A recent forum post asked about using the Dedicated Administrator Connection
(DAC) with SQL Server Express. The poster was unable to connect via the DAC,
even though he had specified what he had found to be the correct connection
settings. The reason for this is that SQL Server Express does not enable the DAC
by default. You can see this in the SQL Server Error Log such as in Figure 1.
The reason DAC is not enabled in SQL Server Express (called "Express" from
here on) is the design mindset behind Express. Express is supposed to be as
lightwight as possible. One of the things that can be trimmed from the running
engine is the DAC. As indicated in
Online (see the Restrictions section), DAC is disabled to
conserve resources. It can be enabled using a startup trace flag, 7806.
An easy way to turn on this trace flag is through SQL Server Configuration
Manager. If you click on SQL Server Services, right-click on
the SQL Server Express instance, and choose Properties, you'll
be able to edit the startup properties for the instance. By clicking on the
Advanced tab, you'll get access to the Startup
Parameters, as in Figure 2. You'll need to add the "-T7806" to the
Startup Parameters to specify use of that trace flag. And when there are
multiple parameters specified, you must separate each with a semi-colon (;). So
if you look closely at Figure 2, you'll see I've added ";-T7806" to the Startup
Once you click OK, you should get a prompt indicating that
the change won't take effect until the next restart. That's truly the case.
Since this is a startup parameter, it is only read when the instance first
starts. Once you've made the change (and started or restarted the instance), you
can verify that the DAC is enabled by looking at the SQL Server Error Log. One
of the first things you should see is the fact that the trace flag is
recognized, as is shown in Figure 3.
A little further in the log, you should see a message indicating that the DAC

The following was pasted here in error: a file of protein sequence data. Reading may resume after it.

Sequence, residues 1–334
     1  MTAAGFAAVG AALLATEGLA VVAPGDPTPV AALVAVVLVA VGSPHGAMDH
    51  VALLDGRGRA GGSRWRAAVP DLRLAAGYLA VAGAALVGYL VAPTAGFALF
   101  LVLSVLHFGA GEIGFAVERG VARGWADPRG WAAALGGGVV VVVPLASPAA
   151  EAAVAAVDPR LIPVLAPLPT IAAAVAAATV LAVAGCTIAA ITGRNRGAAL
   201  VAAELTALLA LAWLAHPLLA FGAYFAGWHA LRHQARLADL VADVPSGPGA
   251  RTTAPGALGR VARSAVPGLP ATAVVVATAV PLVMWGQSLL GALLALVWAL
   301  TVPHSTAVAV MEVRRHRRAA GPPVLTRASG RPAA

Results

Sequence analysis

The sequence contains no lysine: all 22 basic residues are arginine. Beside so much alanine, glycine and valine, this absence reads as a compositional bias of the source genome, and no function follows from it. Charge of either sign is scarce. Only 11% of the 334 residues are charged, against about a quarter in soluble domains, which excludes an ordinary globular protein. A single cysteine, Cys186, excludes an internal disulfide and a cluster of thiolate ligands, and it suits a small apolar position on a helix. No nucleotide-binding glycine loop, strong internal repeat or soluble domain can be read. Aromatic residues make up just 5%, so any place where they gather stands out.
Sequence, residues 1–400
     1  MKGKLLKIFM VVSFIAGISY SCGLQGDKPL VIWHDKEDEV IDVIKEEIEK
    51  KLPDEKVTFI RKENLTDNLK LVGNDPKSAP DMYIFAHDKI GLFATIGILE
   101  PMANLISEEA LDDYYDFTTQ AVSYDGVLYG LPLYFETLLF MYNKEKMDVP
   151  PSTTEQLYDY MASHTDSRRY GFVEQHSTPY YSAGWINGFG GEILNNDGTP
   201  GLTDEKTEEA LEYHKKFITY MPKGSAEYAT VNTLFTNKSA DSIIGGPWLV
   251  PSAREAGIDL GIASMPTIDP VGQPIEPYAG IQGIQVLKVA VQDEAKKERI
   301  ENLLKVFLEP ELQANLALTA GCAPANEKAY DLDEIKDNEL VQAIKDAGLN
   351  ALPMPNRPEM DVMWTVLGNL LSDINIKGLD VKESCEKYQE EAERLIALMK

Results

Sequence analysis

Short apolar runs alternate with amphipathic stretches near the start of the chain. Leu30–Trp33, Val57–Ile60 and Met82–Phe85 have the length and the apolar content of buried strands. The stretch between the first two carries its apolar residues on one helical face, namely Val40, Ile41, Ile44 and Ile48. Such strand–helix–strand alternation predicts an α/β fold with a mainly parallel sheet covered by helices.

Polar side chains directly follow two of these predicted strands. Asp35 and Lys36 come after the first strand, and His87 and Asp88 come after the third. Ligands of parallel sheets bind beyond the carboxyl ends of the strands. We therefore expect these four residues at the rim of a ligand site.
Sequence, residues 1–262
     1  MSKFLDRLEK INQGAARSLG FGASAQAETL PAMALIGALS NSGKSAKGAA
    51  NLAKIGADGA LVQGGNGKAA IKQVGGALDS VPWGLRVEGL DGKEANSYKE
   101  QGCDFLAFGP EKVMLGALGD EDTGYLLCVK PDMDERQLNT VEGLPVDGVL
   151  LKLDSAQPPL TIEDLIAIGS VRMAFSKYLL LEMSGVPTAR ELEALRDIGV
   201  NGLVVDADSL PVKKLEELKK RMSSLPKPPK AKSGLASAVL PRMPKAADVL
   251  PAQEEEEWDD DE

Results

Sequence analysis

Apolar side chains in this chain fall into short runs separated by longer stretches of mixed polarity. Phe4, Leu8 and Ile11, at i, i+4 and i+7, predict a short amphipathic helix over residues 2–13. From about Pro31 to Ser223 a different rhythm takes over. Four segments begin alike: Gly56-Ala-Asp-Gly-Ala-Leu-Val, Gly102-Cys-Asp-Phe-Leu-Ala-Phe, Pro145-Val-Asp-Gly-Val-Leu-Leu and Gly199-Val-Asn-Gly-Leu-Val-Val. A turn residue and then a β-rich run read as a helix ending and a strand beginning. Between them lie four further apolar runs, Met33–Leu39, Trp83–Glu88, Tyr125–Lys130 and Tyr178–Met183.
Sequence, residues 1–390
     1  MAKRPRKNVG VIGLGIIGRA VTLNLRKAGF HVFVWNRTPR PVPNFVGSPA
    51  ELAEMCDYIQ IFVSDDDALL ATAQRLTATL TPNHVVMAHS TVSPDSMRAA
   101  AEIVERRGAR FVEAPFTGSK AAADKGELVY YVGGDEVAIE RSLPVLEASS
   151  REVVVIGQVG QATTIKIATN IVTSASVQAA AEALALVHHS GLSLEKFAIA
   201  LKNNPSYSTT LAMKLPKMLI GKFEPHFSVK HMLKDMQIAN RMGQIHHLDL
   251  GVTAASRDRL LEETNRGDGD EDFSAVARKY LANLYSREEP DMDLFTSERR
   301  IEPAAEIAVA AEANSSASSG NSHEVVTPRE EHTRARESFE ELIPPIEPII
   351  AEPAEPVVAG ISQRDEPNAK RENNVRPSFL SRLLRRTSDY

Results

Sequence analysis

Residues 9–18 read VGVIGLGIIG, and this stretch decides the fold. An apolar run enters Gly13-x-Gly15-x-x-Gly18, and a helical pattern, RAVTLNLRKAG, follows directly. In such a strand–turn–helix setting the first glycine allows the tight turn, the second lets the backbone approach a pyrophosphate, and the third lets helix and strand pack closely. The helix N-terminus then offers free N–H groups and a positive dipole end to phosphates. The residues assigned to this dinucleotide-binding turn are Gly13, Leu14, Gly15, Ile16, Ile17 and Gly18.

was established and a port should be given, such as in Figure 4.
The port is key. By default, the DAC listens on TCP port 1434. However, in
cases where the Express instance is a named instance (as is the case with mine)
or when TCP port 1434 is in use, the DAC could use a different port. Figure 4
shows my Express instance listening on TCP port 1762. This is important because
if its not listening on TCP port 1434, you're either going to need to know the
port ahead of time or SQL Browser must be enabled on the server where the SQL
Server Express instance is running. The reason for this is when you specify a
connection to the DAC, a connection to TCP port 1434 will be attempted first. If
that should fail, however, the client will attempt to use the SQL Server
Resolution Protocol (SSRP) to make a connection to the SQL Server Browser
service to determine the correct port to listen on (see the DAC Port
section in the
Online topic). Assuming you have SQL Browser running, you can connect using
SQLCMD with the -A flag. This tells SQLCMD to attempt a DAC connection. If
you're using SQL Server Management Studio, you can specify ADMIN:
before the server\instance, as shown in Figure 5.
Once you get connected, you can verify that you are connected to the DAC by
issuing a query against a
table. The following query will do the trick:
class, id, grantee, type, state
If you try to issue this from a connection that is not the DAC, you'll get
the error message shown in Figure 6.
Otherwise, you should get a result set consisting of those columns. If you
get that result set, you're connected via the DAC and free to use the
functionality it provides.